Jeremy Corbyn win could threaten Northern Ireland peace, says rival Liz Kendall
The Northern Ireland peace process will be threatened if Jeremy Corbyn becomes Labour leader, according to rival candidate Liz Kendall.
Mr Corbyn has a long track record of interest in Northern Ireland affairs.
In 1984 the hard-left MP invited Sinn Fein leader Gerry Adams to the House of Commons just weeks after the IRA had bombed Prime Minister Margaret Thatcher and her Cabinet at their Brighton party conference.
The north London MP also observed a minute's silence for eight IRA members who died at Loughgall in 1987 when they were ambushed by the SAS.
Mr Corbyn (66) took part in a panel discussion at this year's Feile an Phobail during which he pledged, if he becomes Prime Minister, to extend same-sex marriage and the 1967 Abortion Act to Northern Ireland, and to reverse the DUP-backed gay blood ban.
Ms Kendall (44), who is MP for Leicester West, made her controversial remarks in an interview with the Birmingham Mail.
She told the newspaper she was concerned at what she called the "fragility" of the peace process.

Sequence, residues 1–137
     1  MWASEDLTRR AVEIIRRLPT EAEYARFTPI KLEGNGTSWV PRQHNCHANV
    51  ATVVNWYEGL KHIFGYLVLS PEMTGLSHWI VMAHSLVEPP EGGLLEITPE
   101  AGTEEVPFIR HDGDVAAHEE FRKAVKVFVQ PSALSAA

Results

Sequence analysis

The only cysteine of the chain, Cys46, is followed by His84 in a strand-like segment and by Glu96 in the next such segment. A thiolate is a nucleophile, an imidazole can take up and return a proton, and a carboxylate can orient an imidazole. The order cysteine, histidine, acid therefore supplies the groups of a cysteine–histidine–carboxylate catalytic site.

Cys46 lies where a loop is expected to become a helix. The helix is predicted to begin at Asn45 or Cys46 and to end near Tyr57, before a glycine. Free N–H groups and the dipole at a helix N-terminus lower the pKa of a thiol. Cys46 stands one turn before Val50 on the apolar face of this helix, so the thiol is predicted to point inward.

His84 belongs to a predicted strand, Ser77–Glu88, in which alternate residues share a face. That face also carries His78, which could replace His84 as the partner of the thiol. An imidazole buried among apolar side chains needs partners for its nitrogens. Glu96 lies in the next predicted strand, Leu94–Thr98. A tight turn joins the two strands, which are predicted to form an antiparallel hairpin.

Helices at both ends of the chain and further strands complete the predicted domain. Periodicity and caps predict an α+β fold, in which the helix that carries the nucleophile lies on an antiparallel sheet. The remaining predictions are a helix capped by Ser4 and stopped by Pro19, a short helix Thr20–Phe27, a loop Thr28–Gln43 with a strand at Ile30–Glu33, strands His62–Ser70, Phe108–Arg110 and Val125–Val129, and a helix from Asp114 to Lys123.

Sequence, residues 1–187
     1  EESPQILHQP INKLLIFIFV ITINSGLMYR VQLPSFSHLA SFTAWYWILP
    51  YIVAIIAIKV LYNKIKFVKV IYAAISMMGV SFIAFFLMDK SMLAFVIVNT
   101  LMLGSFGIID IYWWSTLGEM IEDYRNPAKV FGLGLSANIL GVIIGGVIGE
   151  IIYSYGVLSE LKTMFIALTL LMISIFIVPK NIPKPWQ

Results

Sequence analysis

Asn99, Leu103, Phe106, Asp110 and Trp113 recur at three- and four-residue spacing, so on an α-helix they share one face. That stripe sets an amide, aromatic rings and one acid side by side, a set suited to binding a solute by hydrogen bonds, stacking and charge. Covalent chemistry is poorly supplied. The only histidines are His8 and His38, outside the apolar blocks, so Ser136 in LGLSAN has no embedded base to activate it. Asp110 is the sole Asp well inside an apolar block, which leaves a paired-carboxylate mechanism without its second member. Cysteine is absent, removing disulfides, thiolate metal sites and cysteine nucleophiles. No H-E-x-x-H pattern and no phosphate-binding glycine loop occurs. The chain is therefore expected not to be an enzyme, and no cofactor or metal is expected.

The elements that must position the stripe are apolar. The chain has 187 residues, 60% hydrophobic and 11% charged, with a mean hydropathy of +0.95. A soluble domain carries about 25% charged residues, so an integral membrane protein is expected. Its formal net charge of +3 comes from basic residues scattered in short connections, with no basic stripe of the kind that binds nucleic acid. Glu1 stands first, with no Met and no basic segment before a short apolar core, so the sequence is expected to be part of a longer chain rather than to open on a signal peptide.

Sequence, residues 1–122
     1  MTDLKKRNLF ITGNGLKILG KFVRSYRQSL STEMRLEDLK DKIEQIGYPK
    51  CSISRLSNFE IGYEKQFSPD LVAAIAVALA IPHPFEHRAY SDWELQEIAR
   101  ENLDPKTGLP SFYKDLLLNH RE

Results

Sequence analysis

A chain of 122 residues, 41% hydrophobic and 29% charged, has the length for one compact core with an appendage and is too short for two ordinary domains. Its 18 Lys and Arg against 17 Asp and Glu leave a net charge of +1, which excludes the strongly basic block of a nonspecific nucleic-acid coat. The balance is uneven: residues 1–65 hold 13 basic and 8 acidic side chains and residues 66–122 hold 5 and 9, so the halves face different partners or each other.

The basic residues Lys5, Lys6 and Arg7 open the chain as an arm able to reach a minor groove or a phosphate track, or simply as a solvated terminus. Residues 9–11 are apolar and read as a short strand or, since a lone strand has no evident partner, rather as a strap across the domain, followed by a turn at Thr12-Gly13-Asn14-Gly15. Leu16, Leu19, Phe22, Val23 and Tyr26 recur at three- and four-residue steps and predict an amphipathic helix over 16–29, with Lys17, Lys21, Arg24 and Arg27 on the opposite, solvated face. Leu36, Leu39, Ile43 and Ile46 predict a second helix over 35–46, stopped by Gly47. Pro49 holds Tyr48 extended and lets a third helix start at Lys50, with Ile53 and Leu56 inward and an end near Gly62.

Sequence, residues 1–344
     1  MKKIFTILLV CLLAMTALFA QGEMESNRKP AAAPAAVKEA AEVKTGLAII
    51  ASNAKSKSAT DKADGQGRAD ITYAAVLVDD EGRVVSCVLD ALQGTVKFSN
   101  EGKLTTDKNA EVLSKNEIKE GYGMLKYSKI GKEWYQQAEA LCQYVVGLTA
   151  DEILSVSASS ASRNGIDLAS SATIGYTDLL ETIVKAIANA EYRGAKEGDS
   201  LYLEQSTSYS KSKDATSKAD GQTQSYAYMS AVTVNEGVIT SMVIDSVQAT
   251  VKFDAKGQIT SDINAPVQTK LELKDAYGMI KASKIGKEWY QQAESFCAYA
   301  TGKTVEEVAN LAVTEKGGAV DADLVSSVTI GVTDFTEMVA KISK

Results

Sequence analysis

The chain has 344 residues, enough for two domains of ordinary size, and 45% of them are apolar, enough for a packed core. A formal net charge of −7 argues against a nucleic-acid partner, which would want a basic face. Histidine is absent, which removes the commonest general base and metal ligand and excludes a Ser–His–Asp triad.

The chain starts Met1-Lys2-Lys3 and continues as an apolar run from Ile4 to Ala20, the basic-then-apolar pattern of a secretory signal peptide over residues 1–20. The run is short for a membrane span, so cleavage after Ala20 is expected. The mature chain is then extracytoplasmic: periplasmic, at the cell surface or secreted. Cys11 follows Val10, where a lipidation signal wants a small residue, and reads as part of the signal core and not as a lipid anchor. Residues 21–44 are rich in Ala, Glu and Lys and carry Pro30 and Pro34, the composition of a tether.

"There are still huge issues and concerns, and we always need to have a leader of the Labour Party and Prime Minister who are absolutely even-handed in the way that they deal with the situation, who people feel they can trust," she said.
"And I know there are many people who have concerns about where Jeremy Corbyn has stood in the past on that.
"And things remain fragile. Difficult issues come up all the time.
"I want to make sure we have a Labour leader who is trusted in this process, and understands the difficult issues that remain." Ms Kendall said. The Labour Party organisation in Northern Ireland has declared its support for Andy Burnham's bid to become party leader.
A spokeswoman said that local Labour Party members had written to all four candidates posing questions about their views, but that only Mr Burnham had replied.
It's believed that more than 800 people in Northern Ireland have registered to vote in the Labour leadership election.
Ballots were being sent out yesterday, and must be returned by September 10.
Ms Kendall is also on record as supporting the introduction of same-sex marriage in Northern Ireland.
"I want to see equal marriage in Northern Ireland," she said.
"I do hope politicians in Northern Ireland go with the views of the public and listen to the really strong campaigners on this issue," she told Pink News, a leading gay news outlet.